In the media

On Black Swans and the future of Contact Centers 

While a few years ago it was the ugly duckling of large companies, somewhere between the Legal and Customer Relations departments, the Contact Center industry is in 2013 one of the few niches that are not affected by the crisis.

Mădălina Vilău, founder of the Contact Center Awards believes that “Seriously speaking, look at the European Contact Center Benchmark in 2012, a study by ECCCO (European Confederation of Contact Centers Organizations) and you’ll find that Romania is the new El Dorado both for the Europeans that use (with oftentimes modest financial implications) highly skilled Romanian employees and for the Romanian workers that have positions where there is room to grow and promote, in a world where a big portion of higher education graduates remain unemployed. Moreover, for agile companies, the Contact Center industry has had an unexpected upgrade. The well-trained employees in these departments have overcome the ‘robot’ phase when they mechanically engaged with clients, they’ve dropped the heavy communist-era public servant attitude that burdens not only this industry but almost all Romanian industries. With intelligence, problem-solving, branding competences and authentic public relations skills, Contact Centers are becoming the agents of change. Now dialogue with an unhappy customer is no longer a threat, but an opportunity for the brand. The voice on the other side of the phone is no longer an execution-focused individual, but an intelligent communicator, who is conscious that they represent the values of the brand from tone of voice to mission and vision.

The speed with which technology has changed consumer behaviour has put the Contact Center industry under unprecedented pressure. People’s interest in social media has shec a light on how easily unpleasant brand experiences can escalate on the web. This has pushed the smartest and most flexible companies to change the paradigm. From passive-reactive, the person in the Contact Center has become active, and then proactive. This is a major change, perhaps just as big as when the switchboard replaced written correspondence. Procedures did not explode and key performance indicators did not disappear, but at the same time, a new age was born. The telephone was competing against the internet. Standardised call responses were replaced by intelligent attitudes brought from paper to forums, on Facebook or LinkedIn. Claus Moller’s theory stating that “any complaint is a gift” has never been taken more serious by 21st-century companies and never been better interpreted.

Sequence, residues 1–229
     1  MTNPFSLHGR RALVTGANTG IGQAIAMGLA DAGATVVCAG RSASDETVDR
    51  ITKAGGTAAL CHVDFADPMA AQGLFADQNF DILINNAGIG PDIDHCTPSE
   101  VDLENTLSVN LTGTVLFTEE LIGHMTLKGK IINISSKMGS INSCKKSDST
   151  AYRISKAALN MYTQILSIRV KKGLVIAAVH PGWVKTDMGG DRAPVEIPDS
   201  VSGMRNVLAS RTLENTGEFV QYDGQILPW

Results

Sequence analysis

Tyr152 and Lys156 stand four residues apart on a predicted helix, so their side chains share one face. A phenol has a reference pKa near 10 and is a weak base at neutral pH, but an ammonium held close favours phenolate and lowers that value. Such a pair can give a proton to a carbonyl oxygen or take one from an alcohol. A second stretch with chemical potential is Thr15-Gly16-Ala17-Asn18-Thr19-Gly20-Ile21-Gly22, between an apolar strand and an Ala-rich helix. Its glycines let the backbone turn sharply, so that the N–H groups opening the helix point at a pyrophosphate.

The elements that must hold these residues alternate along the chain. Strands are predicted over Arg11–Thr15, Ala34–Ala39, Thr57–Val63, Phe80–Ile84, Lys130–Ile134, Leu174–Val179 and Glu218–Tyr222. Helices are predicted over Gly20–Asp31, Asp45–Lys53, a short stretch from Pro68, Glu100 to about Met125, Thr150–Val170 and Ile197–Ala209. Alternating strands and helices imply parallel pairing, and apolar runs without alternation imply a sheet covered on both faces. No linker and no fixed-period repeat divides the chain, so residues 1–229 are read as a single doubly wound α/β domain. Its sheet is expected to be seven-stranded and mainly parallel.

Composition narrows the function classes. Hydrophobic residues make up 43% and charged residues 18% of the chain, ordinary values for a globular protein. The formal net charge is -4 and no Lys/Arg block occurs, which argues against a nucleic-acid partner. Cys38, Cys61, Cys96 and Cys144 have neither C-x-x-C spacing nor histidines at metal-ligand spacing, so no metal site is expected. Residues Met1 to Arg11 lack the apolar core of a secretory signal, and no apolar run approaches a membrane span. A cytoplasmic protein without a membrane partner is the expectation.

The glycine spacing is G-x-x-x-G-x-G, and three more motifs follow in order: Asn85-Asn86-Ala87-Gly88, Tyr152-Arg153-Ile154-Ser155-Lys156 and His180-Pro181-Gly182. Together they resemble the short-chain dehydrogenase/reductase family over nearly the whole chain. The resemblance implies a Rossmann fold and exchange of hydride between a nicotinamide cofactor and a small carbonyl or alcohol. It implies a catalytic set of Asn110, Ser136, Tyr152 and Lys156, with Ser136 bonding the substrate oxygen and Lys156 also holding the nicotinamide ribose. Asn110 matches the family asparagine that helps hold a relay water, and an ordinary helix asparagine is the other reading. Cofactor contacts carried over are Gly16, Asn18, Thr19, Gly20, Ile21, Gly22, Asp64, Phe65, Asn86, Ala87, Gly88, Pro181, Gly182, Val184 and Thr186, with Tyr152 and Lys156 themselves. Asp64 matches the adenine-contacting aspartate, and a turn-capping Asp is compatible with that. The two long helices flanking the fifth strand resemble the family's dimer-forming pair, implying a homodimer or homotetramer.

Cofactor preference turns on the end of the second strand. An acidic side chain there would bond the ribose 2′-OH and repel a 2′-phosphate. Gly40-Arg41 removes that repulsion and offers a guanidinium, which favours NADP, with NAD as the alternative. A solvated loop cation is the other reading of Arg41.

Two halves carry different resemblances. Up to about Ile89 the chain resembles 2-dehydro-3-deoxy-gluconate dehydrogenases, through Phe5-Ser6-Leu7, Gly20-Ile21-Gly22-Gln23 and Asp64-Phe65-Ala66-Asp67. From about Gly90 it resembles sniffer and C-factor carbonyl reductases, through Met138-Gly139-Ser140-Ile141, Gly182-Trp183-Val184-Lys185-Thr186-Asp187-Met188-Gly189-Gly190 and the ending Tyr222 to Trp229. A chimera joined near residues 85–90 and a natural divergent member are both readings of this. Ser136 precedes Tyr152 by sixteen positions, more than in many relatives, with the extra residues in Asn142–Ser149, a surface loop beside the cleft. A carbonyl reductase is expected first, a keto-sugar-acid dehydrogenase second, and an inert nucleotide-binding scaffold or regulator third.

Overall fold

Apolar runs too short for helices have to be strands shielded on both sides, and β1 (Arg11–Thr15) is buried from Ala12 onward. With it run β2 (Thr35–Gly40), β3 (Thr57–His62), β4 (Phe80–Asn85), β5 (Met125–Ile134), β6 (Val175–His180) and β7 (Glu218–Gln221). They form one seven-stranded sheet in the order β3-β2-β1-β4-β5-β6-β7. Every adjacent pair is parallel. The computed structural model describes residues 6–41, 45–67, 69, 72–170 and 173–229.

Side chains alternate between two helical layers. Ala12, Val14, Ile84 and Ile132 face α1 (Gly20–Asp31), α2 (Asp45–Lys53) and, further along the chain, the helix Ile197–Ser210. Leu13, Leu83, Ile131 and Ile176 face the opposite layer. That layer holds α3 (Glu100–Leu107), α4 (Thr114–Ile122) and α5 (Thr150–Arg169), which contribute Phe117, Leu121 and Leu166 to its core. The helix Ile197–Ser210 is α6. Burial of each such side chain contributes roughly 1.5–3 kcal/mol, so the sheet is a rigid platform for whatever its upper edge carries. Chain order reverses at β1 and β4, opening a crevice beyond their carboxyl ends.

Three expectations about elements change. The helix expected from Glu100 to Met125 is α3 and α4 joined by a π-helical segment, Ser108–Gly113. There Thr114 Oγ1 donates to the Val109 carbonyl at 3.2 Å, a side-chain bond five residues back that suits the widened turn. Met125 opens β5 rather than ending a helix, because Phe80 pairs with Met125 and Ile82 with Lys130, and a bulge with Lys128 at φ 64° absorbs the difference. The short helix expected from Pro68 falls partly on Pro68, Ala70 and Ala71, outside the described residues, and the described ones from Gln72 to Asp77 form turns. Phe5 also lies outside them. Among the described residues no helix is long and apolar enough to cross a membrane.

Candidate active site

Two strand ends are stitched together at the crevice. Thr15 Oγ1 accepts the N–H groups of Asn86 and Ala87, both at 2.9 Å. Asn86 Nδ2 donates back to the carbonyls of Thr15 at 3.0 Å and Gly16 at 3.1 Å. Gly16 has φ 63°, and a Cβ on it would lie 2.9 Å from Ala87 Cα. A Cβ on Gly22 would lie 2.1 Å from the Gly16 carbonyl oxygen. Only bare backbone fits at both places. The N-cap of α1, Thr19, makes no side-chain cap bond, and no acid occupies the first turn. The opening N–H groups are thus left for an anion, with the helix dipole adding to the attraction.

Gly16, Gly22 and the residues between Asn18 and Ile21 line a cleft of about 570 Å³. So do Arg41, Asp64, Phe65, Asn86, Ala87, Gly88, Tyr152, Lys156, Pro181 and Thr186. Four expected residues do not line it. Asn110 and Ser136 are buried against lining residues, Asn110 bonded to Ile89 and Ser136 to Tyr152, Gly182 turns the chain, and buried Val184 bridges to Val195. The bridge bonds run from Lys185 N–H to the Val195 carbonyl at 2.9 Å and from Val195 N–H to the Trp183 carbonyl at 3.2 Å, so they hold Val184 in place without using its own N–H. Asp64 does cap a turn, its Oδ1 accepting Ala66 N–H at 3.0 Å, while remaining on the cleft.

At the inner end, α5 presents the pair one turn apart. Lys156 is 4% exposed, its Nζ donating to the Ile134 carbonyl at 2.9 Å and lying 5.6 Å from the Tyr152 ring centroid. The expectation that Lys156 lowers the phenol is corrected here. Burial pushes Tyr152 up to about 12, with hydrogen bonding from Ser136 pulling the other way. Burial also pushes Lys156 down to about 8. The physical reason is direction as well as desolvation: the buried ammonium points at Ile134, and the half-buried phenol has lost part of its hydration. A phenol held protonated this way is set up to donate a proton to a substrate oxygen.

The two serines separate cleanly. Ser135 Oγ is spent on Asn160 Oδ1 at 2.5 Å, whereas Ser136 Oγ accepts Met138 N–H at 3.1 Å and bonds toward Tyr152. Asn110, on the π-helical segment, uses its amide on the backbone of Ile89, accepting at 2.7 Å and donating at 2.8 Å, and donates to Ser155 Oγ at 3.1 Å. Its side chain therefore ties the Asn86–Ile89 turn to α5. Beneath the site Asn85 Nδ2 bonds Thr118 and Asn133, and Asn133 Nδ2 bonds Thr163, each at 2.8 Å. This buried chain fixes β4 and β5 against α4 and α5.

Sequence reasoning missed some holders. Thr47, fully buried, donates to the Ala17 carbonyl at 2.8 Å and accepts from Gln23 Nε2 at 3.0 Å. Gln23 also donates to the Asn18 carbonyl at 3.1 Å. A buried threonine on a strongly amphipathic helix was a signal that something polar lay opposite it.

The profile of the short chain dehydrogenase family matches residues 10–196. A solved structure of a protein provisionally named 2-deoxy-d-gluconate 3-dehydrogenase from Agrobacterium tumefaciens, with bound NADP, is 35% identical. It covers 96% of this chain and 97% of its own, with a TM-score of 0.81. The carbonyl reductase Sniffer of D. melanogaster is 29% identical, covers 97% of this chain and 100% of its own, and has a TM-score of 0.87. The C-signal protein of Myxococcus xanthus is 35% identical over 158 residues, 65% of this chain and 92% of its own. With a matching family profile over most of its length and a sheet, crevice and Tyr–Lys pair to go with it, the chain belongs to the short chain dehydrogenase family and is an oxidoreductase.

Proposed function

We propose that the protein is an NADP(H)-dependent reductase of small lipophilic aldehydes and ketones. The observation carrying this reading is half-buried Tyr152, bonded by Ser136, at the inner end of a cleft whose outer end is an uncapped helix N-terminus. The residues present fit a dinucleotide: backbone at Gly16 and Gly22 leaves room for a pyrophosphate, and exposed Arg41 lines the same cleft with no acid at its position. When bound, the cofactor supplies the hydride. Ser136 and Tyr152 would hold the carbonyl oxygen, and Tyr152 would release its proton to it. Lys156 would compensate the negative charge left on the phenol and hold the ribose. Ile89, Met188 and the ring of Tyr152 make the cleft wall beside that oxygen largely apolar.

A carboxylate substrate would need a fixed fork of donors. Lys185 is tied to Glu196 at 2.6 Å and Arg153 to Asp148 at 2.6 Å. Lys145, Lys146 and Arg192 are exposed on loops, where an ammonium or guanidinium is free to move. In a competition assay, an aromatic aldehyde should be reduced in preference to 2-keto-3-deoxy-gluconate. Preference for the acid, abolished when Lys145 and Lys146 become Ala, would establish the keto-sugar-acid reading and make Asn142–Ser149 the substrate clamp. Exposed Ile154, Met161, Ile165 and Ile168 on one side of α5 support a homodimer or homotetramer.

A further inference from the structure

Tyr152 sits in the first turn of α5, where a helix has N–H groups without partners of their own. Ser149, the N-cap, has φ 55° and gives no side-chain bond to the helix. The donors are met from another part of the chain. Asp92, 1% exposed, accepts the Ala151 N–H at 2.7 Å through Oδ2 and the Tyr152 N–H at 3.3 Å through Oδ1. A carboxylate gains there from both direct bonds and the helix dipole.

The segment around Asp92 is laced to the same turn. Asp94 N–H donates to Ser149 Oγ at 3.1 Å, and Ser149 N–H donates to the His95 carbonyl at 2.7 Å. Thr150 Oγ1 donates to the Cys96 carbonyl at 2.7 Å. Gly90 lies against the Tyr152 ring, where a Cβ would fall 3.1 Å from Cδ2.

We’re living in an age where flattery can no longer win over the consumer. This is because there is a niche in which authentic human vacation and win-win-win rapports can coexist successfully.  Paying attention to ‘humanizing’ the customer communication process has created vibrant projects where both sides have something to win. What does ‘humanizing’ mean? The fact that the company does not only have to receive, either directly or indirectly, ‘gifts’ from the consumer, but that it can also give gifts to the consumer, without the slightest of ironies, but with the most authenticity possible.

One of the biggest banks in Romania, as an example, has activated what specialists call the ‘random act of kindness’. The Contact Center agent is free to offer any customer calling a surprise on behalf of the company, and when we say surprise, we don’t just mean products in their portfolio, but rather the type of gifts that would kindle a friendship: a cake, a bottle of good wine, a ticket to a good movie, and these are just some examples. On the list of banks where communicators are dreaming of making a 24/7 customer dialogue platform out of Facebook, transforming the Call Center agent into a PR person, a problem solver and a conversationalist, there is at least one bank where this is a dream they’re working to make a reality.

International projects of the TWELP FORCE type have demonstrated that what is perceived as an apparent utopia has already become a box office reality. (Explore the case study here to better understand). And let’s not even mention KLM and their Surprise project.

In the volume “Best customer interaction”, where I was invited by the Viennese from CCC to answer the question “How will the future look for the Contact Center industry?”, my answer was very simple “what’s best is yet to come”. This is not only because technology will evolve so much that downtime will be a thing of the past and efficiency will increase spectacularly, it is because we’ll witness a leap in progress: the workers in the Customer Relations departments will learn to make the transition from ‘mechanic’ to ‘human’. In the ranks of communicators, those who yesterday might have been an ‘ugly duckling’ will shortly bloom into a black swan – the chosen one, unique, looking fragile but in reality, accomplished.

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